With this entry I begin a series of uncertain length. Some time ago I used to share my thoughts about movies. There is nothing distinct or distinguished about either the movies or my thinking. Anything goes, blockbuster or cultish, intimate or civic. Take it that I like disclosure as much as I like movies. They are not reviews. They are commentaries. So beware of plot spoilers, lots and lots of plot spoilers.
I spent my Sunday in the cinema watching back to back The Amazing Spiderman and The Dark Knight Rises. It sounded a swell idea three days ago when I booked the tickets under clouds of rain and cold. I foresaw the need for an act of self-indulgence to cancel out a Saturday afternoon in the library. So I sat for over 5 hours in front of the luminous screen while outside summer had finally arrived. The best plans…
The two orphan heroes, and I guess heroes have always been orphans from Orpheus to Superman, filial tragedy and alienation purifies their morel rectitude, are very comparable. For the purpose of organization I take three headings: bodies, gender, and the economics of knowledge.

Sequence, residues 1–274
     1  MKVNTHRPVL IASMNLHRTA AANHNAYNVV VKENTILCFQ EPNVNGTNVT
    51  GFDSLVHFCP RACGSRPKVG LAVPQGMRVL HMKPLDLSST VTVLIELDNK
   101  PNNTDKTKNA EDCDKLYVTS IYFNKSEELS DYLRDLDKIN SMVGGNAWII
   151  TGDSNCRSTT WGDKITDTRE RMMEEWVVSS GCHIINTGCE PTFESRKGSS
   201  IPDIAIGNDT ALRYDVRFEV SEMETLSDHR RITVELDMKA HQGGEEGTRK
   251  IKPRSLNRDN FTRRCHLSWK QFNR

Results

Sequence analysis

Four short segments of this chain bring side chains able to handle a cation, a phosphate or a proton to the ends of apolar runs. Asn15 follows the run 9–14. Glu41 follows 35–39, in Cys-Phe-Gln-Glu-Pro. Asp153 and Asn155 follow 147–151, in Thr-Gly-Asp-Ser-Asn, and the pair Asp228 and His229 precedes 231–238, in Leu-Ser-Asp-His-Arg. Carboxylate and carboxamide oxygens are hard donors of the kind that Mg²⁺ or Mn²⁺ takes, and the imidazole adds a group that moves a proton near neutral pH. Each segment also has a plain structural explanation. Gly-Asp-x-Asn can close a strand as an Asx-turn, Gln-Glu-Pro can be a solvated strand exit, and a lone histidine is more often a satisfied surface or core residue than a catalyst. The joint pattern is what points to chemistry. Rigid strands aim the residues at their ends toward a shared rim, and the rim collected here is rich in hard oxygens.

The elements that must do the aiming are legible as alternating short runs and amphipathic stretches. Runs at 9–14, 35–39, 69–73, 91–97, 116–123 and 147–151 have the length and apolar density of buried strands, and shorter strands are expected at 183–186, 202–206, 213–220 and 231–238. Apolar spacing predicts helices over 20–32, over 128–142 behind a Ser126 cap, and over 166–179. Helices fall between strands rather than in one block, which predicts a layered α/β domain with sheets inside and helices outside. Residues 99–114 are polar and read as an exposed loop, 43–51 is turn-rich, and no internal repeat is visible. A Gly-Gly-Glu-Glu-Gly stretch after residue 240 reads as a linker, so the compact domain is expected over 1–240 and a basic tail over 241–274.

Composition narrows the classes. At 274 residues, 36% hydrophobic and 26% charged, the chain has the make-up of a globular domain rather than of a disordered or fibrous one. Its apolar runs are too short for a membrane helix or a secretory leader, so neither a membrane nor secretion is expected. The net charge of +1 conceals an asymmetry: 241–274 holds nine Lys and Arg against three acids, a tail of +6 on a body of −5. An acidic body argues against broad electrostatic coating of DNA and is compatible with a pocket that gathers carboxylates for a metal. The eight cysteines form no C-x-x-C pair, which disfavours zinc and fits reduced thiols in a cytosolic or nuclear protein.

Spiderman has always been a teen story with ostensible cues about manhood and adulthood as implying sacrifice, privacy and secrecy. It is also about bodies. Spiderman’s angular forms seemingly fragile but infinitely resilient and vital. The new Spiderman captures this better than Tobey Maguire and the story plays it out better than the previous movies. In contrast, Batman who has no privileged body, no genetic enhancement, no alien leg up, is brute force and method training alone. The Dark Knight Rises promised to show the Bat at his weakest, diminished in his confrontation against Bane. And yet, that promising plot line is merely dropped in the last moments of the movie, like something out of a kung fu or boxing script, Bruce Wayne just works harder and his bones, his scars, his age are no more a handicap. It is a body that exists and then disappears when the plot requires it.